Ohio’s minimum wage will go up 10 cents to $7.95 per hour beginning Jan. 1.
The minimum wage for tipped employees will climb 5 cents to $3.98 an hour, the Ohio Department of Commerce said Thursday.
News of the increase comes shortly after a successful high-profile effort in California to raise that state’s minimum wage to $10 an hour. The increase will be in two steps by 2016. The increase will make California the first state to raise its minimum wage to $10.
California’s minimum wage is currently $8 an hour.
In California and six other states, tipped workers receive the full minimum wage in the state — with any tips received on top of that.
The hike in Ohio is mandated by a state constitutional amendment, approved by voters in 2006, which annually adjusts the state minimum wage based on the Consumer Price Index.
Ohio is among several states where minimum wage earners will see their pay grow because of annual increases linked to inflation.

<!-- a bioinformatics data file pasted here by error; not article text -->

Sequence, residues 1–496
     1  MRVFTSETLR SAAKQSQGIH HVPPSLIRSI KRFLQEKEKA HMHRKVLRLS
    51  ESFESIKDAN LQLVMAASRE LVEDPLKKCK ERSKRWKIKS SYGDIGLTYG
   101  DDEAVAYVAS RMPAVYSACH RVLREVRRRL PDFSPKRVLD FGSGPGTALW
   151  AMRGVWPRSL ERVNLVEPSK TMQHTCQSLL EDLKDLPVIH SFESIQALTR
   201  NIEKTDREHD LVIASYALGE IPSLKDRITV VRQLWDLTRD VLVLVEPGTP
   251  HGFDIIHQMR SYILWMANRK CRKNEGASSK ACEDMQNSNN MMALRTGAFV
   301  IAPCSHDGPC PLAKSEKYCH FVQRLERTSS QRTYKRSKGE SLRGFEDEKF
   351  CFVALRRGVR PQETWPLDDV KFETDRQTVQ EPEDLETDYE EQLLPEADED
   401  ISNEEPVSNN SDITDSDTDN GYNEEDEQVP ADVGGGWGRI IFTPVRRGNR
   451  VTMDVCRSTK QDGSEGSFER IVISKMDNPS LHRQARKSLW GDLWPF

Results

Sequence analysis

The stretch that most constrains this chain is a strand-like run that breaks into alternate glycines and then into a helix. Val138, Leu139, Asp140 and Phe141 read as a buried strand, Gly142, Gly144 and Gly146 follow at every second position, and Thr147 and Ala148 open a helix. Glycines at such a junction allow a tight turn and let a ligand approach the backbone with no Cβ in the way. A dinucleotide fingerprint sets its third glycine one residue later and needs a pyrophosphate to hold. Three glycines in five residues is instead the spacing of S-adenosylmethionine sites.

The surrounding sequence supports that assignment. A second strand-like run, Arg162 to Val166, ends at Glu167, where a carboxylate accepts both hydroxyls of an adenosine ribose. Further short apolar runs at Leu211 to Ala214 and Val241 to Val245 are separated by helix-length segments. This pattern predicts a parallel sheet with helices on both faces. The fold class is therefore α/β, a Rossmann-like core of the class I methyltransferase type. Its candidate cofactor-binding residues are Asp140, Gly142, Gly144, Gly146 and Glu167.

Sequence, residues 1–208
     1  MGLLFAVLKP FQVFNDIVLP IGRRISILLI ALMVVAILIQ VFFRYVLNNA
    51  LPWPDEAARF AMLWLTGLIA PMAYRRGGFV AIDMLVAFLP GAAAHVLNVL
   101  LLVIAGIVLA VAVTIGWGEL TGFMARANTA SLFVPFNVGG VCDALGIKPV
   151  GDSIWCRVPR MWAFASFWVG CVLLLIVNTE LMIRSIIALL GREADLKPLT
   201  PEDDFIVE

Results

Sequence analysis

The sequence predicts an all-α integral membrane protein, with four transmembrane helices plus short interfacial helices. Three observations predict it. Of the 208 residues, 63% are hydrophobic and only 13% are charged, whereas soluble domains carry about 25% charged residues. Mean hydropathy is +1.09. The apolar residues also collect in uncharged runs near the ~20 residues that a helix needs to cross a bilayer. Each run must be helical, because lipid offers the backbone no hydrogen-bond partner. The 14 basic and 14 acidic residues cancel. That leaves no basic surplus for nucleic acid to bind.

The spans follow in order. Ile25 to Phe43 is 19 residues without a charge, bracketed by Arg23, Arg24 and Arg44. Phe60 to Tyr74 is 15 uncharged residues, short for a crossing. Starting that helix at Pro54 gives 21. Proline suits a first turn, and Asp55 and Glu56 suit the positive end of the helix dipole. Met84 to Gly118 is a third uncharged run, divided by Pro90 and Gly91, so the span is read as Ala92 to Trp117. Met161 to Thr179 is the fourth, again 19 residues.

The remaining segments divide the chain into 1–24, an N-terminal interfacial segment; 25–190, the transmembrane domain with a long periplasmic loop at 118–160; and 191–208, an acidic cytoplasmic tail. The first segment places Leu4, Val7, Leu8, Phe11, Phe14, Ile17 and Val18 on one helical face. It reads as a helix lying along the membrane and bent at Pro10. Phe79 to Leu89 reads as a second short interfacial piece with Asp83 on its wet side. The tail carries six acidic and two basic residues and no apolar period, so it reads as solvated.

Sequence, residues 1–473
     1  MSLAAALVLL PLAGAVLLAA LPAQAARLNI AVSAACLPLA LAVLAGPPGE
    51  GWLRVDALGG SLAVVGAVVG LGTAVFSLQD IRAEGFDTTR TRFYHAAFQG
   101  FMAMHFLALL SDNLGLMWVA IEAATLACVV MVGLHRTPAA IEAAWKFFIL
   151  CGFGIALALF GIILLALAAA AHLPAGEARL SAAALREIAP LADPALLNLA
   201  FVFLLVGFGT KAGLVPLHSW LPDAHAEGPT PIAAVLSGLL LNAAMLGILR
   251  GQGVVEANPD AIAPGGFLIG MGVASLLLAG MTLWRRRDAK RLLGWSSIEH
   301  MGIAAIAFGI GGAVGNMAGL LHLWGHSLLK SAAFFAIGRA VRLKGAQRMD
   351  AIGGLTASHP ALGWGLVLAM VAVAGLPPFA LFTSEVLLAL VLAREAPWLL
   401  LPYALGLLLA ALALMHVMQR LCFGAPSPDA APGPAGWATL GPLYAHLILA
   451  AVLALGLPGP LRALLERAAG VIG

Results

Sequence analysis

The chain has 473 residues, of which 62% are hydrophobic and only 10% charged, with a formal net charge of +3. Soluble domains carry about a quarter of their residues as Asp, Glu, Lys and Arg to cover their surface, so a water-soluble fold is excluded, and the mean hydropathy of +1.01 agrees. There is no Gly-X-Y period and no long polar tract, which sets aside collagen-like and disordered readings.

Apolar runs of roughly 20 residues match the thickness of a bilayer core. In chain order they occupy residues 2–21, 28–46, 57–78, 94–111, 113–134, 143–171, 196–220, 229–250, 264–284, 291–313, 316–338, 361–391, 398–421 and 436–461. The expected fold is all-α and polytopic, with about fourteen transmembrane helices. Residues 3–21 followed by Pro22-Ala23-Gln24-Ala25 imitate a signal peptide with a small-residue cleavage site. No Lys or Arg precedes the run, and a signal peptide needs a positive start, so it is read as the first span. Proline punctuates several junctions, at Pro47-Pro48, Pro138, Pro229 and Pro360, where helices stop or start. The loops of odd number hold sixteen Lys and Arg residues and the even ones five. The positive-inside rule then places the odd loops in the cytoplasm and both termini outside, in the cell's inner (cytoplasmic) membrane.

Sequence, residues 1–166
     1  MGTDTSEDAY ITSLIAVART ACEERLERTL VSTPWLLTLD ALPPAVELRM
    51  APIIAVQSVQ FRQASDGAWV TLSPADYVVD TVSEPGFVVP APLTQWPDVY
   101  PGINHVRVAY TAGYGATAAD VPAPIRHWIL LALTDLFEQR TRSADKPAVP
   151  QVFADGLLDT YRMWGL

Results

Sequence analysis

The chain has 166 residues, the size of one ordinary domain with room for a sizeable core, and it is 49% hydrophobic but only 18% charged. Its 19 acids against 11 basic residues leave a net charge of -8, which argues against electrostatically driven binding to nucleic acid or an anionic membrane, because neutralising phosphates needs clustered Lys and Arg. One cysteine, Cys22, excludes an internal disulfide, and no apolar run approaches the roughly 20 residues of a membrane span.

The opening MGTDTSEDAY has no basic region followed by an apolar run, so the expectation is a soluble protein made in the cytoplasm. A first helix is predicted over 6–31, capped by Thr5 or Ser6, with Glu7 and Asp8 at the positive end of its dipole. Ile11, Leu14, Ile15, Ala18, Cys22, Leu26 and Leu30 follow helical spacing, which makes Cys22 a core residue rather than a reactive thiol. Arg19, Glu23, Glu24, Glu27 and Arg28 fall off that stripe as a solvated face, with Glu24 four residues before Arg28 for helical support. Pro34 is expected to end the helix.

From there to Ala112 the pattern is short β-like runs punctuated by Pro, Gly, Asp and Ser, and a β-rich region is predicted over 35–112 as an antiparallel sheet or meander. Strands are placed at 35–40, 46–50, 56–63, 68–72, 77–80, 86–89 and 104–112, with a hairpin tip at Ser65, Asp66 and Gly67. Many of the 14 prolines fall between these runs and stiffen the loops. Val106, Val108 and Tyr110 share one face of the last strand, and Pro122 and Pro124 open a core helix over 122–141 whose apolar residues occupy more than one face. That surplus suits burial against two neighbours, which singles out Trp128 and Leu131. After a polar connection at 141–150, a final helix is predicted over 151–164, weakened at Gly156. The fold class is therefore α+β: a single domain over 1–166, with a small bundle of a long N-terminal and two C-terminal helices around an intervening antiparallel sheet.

For this year, the minimum wage increased 15 cents to $7.85 an hour. For tipped employees, the minimum rose to $3.93 per hour for this year.
Beginning Jan. 1, there also will be a change concerning which businesses must pay the minimum.
With the coming year, employers with annual gross receipts of more than $292,000 a year must pay the minimum. That compares with $288,000 this year.
Companies with gross receipts of less than $292,000 must pay the federal minimum wage, which is $7.25 an hour. The federal minimum requires an act of Congress and the president’s signature to change.
The Consumer Price Index rose 1.5 percent over the 12-month period from Sept. 1 to Aug. 31.
The state amendment passed by voters in 2006 says that the wage rate for non-tipped employees is to be rounded to the nearest 5 cents.
For information on other states’ minimum wage rates, go online to www.dol.gov/whd/minwage/america.htm.
Because of the federal government shutdown, the site is not being regularly updated.
Katie Byard can be reached at 330-996-3781 or email@example.com.